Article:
17 Aug 2009

More "Efficient Markets" Nonsense?

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At a reader’s suggestion, I checked out the Fama/French website, which is a neat set of Q&A on the implications of the “efficient markets hypothesis” (EMH) way of viewing the world. This particular question–and French’s answer–threw me:

Question: Firms often pay a substantial premium to the market price when making acquisitions. Does their willingness to pay a premium suggest the shares of target firms were mispriced?

Now here’s Fama’s answer, which is perfectly reasonable from an EMH point of view:

FAMA: The empirical evidence says that all the gains from mergers are eaten up in the premiums paid to acquire firms. On average, the acquiring firm gets nothing. This doesn’t necessarily imply that the shares of the acquired firm were mispriced since there can be synergies (real business gains) from mergers.

So to translate into an example, suppose Jim’s Wooden Sticks (ticker JWS) right now is selling for $25 per share. They get acquired by Jane’s Icy Sugar Cyclinders (ticker JIC) for $30 per share. The newly merged corporation can now crank out popsicles at a much lower cost than before, and so JIC has higher earnings as a result. However, after taking into account the $5 per share premium they paid to the original shareholders of JWS, it’s a wash.

I think that’s the kind of thing Fama has in mind. It still seems that “the market” made a pricing mistake, in the sense that a shareholder of JWS would have been furious had he liquidated his position the day before the announcement. But you can at least see where Fama is coming from, and why he thought his answer was a good one. In other words, Fama was trying to explain why JWS shouldn’t have been viewed as free money waiting to be snatched up, since the costs of acquisition exhausted the gains from the merger.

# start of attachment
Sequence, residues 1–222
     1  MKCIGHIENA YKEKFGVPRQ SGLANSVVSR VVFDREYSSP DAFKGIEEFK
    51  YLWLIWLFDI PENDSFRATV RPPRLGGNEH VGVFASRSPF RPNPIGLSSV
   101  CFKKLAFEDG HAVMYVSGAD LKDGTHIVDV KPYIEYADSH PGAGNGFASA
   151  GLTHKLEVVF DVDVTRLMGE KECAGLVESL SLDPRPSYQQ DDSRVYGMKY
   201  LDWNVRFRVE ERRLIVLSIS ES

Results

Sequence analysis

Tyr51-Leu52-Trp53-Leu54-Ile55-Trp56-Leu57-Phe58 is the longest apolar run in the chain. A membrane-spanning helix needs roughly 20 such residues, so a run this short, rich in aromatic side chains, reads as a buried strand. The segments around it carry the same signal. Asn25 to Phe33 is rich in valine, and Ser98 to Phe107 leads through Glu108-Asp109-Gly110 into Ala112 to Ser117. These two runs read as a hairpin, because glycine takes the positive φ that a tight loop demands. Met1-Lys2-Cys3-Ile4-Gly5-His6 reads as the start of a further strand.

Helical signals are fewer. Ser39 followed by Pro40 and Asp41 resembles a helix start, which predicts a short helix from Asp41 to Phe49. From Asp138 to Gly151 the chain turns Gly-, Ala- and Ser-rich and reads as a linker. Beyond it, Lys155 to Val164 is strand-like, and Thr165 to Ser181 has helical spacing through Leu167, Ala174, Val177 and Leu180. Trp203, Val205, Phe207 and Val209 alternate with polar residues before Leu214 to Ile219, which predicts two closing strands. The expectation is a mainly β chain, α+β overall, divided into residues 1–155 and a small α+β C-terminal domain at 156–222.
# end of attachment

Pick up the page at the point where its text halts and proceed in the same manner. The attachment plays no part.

Now if Fama’s above response seems a little incomplete, French’s response (to the same question) is downright incomprehensible to me at least:

FRENCH: Takeover premiums do not imply that the target firms were mispriced. Since we do not expect the market to accurately forecast every acquisition that will create value, we should not be surprised that prices rise when tender offers and mergers are announced.

Help me out here, fans of the EMH. It sure sounds like French is saying, “We don’t expect the market to accurately price everything, so that’s why we shouldn’t conclude that a given stock is mispriced.”

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